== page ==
When we found out that Susan’s cancer has metastasized, I just assumed that my bike season was over. I didn’t even ask. I figured I’d be needed at home.

Then, something slowly dawned on me: I’m still getting out on my bike. Not quite as often, and not for quite as long, but I’m definitely getting out. And Susan’s still helping me eat right. I’m not exactly losing weight, but I’m not putting it on, either.

About a week ago, Susan asked a question that surprised me: She wondered aloud whether she’d be feeling well enough to crew for me at the Leadville 100.


Yeah, she still assumed I’d be racing Leadville — whether I went was never in question, in her mind. She knows it’s important to me.

So yes, obviously, if she feels like going, absolutely she should plan on crewing for me. I dare say that would in fact be the most awesome thing in the whole world, ever.

New Intensity
So here’s the thing. My wife, in spite of being in a lot of pain and being really tired all the time, is going out of her way to make sure I can be ready for the Leadville 100.

How big a loser am I if I don’t make the very most of that time she’s giving me? (Answer: Really big loser)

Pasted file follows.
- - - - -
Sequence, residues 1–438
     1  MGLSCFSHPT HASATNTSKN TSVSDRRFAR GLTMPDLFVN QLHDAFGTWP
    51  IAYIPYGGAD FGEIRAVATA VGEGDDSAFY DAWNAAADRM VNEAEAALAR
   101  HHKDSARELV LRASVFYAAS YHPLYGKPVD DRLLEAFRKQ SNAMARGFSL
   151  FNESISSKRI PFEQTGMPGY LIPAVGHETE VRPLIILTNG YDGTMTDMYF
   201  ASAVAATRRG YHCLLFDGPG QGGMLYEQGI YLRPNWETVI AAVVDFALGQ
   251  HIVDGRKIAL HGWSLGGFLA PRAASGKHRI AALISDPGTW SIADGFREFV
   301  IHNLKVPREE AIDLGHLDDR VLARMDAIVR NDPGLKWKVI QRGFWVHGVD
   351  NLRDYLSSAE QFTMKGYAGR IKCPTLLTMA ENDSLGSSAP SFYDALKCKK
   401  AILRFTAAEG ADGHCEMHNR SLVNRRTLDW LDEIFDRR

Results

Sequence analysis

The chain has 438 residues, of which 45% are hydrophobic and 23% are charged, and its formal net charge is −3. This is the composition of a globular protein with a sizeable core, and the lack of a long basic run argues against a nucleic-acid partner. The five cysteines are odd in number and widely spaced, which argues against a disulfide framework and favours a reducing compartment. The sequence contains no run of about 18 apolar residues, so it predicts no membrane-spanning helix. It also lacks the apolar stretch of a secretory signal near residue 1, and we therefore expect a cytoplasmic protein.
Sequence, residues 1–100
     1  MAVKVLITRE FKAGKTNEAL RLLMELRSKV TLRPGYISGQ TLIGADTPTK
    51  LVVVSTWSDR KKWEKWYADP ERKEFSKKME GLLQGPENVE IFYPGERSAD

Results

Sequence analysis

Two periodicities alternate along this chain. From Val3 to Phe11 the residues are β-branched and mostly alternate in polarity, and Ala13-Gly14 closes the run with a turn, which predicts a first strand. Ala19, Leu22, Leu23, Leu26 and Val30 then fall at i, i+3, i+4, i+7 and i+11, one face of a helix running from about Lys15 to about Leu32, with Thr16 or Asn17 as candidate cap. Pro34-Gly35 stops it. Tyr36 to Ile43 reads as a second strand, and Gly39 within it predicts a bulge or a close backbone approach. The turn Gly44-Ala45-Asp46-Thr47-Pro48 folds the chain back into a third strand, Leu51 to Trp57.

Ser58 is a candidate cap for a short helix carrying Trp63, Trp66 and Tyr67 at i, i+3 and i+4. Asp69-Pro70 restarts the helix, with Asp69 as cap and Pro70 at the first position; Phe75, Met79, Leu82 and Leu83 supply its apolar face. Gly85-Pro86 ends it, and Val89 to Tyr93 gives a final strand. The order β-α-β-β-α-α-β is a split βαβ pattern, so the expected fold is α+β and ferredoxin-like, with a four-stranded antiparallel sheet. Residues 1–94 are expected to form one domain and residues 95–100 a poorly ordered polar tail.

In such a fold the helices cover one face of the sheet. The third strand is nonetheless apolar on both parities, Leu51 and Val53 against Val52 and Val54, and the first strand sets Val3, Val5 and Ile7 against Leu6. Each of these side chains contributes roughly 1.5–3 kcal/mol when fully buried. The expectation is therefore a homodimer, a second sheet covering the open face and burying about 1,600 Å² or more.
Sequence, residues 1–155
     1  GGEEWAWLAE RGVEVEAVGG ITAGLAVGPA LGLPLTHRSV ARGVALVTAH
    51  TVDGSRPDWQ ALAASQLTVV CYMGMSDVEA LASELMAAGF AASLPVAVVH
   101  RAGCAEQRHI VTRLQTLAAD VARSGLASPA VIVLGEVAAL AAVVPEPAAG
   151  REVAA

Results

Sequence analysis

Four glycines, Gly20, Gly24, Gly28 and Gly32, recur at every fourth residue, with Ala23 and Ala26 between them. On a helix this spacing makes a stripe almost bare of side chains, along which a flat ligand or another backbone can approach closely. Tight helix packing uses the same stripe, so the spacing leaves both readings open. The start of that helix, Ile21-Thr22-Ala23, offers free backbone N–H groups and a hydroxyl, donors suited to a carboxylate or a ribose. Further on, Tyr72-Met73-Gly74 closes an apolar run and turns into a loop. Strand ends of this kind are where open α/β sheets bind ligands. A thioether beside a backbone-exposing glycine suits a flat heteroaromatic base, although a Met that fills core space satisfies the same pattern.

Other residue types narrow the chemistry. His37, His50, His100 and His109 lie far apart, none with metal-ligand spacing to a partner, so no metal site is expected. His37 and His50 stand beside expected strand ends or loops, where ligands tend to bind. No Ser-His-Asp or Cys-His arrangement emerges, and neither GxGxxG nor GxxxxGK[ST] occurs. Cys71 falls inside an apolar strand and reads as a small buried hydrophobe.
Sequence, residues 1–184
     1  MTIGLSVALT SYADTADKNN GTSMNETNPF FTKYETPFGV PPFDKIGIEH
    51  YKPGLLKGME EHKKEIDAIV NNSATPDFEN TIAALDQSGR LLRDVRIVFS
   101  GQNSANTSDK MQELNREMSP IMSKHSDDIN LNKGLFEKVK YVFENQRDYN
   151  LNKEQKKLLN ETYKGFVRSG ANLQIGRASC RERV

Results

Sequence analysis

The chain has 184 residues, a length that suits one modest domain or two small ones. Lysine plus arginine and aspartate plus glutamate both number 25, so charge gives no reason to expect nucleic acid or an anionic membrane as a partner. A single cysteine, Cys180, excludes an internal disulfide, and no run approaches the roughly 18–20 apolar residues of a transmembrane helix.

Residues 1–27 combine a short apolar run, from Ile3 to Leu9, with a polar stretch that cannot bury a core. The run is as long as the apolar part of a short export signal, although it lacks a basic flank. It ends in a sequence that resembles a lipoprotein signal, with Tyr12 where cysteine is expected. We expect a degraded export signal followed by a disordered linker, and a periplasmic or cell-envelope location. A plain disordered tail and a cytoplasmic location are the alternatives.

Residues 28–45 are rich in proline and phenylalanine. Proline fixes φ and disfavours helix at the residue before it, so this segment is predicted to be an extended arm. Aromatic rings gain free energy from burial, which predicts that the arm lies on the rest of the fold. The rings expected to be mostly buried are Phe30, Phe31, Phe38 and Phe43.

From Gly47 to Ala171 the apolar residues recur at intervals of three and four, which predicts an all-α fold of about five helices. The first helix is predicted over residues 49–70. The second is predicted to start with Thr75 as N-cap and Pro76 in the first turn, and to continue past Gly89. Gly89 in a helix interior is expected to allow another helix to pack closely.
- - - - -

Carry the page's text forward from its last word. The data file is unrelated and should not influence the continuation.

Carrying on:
Further, how much incentive do I have to lose the weight and build the power I need to finish this race in under nine hours? (Answer: A lot of incentive)

So, when I ride, I’m riding hard. And, starting today, I’m recommitting on the diet — I am going to get to 148lbs, so I can climb the way I need to for this race.

And here’s a little secret: I’m actually pretty fast right now. Maybe the fastest I’ve ever been, in fact (Note to self: send big “thank you” card to Coach Lofgran, and tell him I want to get back on the program). Last week, for example, I nearly hung with Kenny when climbing Upper Frank — a brutally steep one-mile MTB climb. And last Saturday I managed to drop Rick Sunderlage (not his real name) on a climb. I haven’t been able to even keep him in sight until recently.